Sahagún identified by name the four indigenous “grammarians” and three scribes with whom he worked, but his illustrators remain anonymous. With meticulous attention to different artist’s techniques such as treatment of line, profiles and proportions of human figures, and how clothing was painted, Magaloni Kerpel identifies the hands of twenty-two painters at work in the Florentine Codex. Included in this number are four “well-trained” master painters. Based on their individual signature styles, Magaloni Kerpel names them Master of Both Traditions, Master of the Three-Quarter Profiles, Master of Long Noses, and Master of Complex Skin Coloring. In the case of the Master of Both Traditions, for example, Magaloni Kerpel argues that his figures show his mastery of both pre-Hispanic painting traditions and Renaissance techniques. But, even more tellingly, she observes how he used the two traditions to denote time and space – “indigenous past or the colonial present.” She also speculates that the painters may have represented themselves in the depictions of artists that appear in the Florentine Codex in Book XI, giving us an even more intimate sense of their individuality. Equally significant is her analysis (in collaboration with conservators) of the artists’ use of what she terms “symbolic colorants.” Colorants were made from both organic (plants, flowers, insects) and mineral pigments and both could be used to make similar colors. What mattered to the artists, however, were not just the colors but also their sources – from above the earth or below it –which endowed them with particular symbolic power. As Magaloni Kerpel argues, the images in the Florentine Codex should not be considered “as mere illustrations to the texts, but as self-contained visual narratives that sometimes revealed and sometimes concealed a world of their own.”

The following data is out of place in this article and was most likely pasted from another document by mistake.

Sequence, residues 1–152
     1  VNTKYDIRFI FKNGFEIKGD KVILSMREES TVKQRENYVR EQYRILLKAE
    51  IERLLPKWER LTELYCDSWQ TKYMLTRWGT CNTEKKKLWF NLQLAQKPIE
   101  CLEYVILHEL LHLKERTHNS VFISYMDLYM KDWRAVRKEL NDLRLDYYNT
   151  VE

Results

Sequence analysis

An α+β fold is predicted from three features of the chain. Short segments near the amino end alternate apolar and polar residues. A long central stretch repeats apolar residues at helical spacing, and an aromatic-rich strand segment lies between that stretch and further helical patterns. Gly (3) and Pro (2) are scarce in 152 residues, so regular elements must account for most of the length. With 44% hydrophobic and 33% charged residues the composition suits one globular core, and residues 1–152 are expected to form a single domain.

With a nuanced appreciation for the actual fabrication and materiality of the Florentine Codex, Magaloni Kerpel’s research is an outstanding example of scholars’ new approaches to the Florentine Codex. Paying attention to the illustrations as works of art and thinking about the codex as an artifact and not just as a text to be mined for information, helps us to understand in provocatively fresh ways not only its creation but also the cultural exchanges and collaborations unleashed by the Spanish conquest and its aftermath both locally and globally.
Works referred to and additional sources:
Diana Magaloni Kerpel, “Painters of the New World: The Process of Making the Florentine Codex” in Colors Between Two Worlds: The Florentine Codex of Bernardino de Sahagún, edited by Gerhard Wolf and Joseph Connors (Florence, 2011)
An English translation of the Florentine Codex is available as Florentine Codex: General History of the Things of New Spain, trans. Arthur J. O. Anderson and Charles E. Dibble, 12 volumes (Salt Lake City, 2012).
On Sahagún as an ethnographer, see Miguel León-Portilla, Bernardino de Sahagún: The First Anthropologist (Norman, OK, 2002).